Each client has their source IP and source port hashed using zip hash and then that hash is then used to assign them to an L4 proxy based on something called a rendezvous hash. That rendezvous hash has a nice property of being able to, basically, when changes are made to the forwarding table only 1/n connections are reset. They’re assigned to that specific host. And so, again, in pursuit of breaking as few TCP connections as we can, we only are breaking the connections of the clients that are connected to the host that is failing. Then, the other way those changes happen is that we have a health check daemon on each of the director hosts. They are constantly checking the proxy hosts and making changes and updating that forwarding table.
The hash table is also a means of coordinating maintenance for the proxy hosts. So we have a state machine inside the director that we forward or that we process each proxy host through and it’s kind of an example of it here on the slide. This allows us to basically pull proxy hosts in and out of production and be able to drain hosts and then fill them back up without breaking those connections. The only downside to this design is that we have to keep that state table in sync across all the directors, which is only really a problem when we’re in a situation where we’re updating the state table for, like, maintenance or something like that and a proxy host fails because then we have some weird state where traffic is getting routed in a funny way and that kind of thing. Luckily, those things are kind of rare because it doesn’t fail a whole lot.
To help mitigate connection resets when we do have some sort of failure, we do something we call “second chance failover” and I think this is one of the neat, novel things
about GLB Director: Is to allow a recently failed host to complete the TCP flow, we have an IP tables module called glb-redirect, that is on the proxy hosts that inspects extra metadata we send in each packet to the proxy hosts, redirecting those packets from the host that’s alive to the host that had recently failed. So that, in the case that the failed host can process a request, it will go ahead and do so. Basically, the way this works is that if the primary doesn’t understand the packet because it’s not a SYN packet or because the packet corresponds to an already established flow, glb-redirect takes that packet and forwards it to the now “failed host” that was in the forwarding table. This metadata is injected by GLB director, which we’ll get into next.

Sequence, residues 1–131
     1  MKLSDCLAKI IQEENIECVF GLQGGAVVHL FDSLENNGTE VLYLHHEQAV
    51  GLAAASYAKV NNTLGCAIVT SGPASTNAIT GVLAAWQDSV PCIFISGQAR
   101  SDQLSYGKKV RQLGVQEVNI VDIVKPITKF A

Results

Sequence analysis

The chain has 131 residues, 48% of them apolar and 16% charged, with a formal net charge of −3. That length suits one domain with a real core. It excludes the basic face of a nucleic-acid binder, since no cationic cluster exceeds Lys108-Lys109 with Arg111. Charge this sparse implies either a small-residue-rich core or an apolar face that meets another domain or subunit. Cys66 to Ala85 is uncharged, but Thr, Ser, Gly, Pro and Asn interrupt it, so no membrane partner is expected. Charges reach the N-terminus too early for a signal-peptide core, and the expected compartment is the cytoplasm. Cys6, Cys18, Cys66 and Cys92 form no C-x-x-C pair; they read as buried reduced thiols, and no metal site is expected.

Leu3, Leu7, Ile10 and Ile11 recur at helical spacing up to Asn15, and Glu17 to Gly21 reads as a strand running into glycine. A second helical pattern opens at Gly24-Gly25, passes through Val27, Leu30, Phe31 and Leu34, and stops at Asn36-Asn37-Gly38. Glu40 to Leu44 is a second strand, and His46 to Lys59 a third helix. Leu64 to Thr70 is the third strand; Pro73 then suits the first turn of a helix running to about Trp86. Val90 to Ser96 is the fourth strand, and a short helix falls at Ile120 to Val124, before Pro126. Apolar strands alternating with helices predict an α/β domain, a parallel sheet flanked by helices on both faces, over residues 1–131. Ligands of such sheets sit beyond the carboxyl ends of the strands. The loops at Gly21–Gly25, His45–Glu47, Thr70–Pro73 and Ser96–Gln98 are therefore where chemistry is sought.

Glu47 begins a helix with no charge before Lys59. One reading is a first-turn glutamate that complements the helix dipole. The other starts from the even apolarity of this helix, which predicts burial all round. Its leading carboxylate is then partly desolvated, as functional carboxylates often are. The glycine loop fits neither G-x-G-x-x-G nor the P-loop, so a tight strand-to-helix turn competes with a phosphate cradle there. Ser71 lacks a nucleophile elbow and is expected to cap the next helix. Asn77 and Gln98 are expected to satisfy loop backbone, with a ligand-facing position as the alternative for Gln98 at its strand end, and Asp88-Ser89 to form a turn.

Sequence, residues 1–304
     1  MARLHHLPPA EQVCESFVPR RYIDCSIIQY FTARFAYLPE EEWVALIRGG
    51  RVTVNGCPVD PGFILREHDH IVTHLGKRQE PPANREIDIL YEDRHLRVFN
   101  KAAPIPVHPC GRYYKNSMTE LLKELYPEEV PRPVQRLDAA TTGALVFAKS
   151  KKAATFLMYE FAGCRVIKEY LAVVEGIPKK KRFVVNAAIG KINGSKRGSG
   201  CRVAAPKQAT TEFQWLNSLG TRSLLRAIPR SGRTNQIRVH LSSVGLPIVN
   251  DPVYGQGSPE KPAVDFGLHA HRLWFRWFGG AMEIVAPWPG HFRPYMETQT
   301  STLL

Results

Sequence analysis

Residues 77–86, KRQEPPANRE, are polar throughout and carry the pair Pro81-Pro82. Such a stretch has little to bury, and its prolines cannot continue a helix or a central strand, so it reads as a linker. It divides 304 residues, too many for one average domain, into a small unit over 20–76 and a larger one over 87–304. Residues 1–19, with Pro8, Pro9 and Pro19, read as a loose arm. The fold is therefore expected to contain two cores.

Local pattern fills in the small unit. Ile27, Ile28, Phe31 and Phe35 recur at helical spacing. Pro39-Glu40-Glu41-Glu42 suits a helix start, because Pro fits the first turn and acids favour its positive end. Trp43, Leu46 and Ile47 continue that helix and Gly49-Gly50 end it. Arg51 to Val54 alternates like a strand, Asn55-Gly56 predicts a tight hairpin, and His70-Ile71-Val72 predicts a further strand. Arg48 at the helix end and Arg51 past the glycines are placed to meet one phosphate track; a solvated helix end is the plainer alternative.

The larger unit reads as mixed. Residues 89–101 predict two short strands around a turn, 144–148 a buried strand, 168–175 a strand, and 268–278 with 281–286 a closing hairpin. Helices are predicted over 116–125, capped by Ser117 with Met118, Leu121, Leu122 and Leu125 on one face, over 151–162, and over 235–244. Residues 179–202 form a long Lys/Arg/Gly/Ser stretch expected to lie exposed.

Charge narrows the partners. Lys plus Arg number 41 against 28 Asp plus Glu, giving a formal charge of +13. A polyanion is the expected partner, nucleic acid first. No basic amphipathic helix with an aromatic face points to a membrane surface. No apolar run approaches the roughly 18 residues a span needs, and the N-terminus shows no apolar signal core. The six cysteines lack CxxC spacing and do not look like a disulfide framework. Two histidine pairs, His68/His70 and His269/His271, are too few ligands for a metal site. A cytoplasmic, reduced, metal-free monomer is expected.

To kind of supply that metadata we use Generic UDP Encapsulation. We decided early on in the design phase of GLB that we wanted direct server or direct proxy return. This has a number of effects, but a few important ones I want to get into. One, it simplifies the design of the director because we’re only dealing with one direction of packet flow. It also makes the director transparent both to the client and to the L7 proxies. So, we don’t have to mess with X-Forwarded-For and that kind of thing. We can also add extra metadata to each of the packets to the proxy tier, which we use to implement the second-chance flow.
We use a relatively new kernel feature called Generic UDP Encapsulation to do this and you can kind of see the example of kind of what the packet looks like there. We add the metadata to that GLB private data area. Before we used Generic UDP Encapsulation, we used something that was in the kernel called Foo-over-UDP, and I think both of these things came out of Google. Basically, what this results in is we’re wrapping every TCP session destined for the L7 proxies in a special UDP packet and then decapsulating on the proxy side as if HAProxy is seeing it directly from the client. So, that’s pretty much most of the Director and I’m going to get into the proxy side now.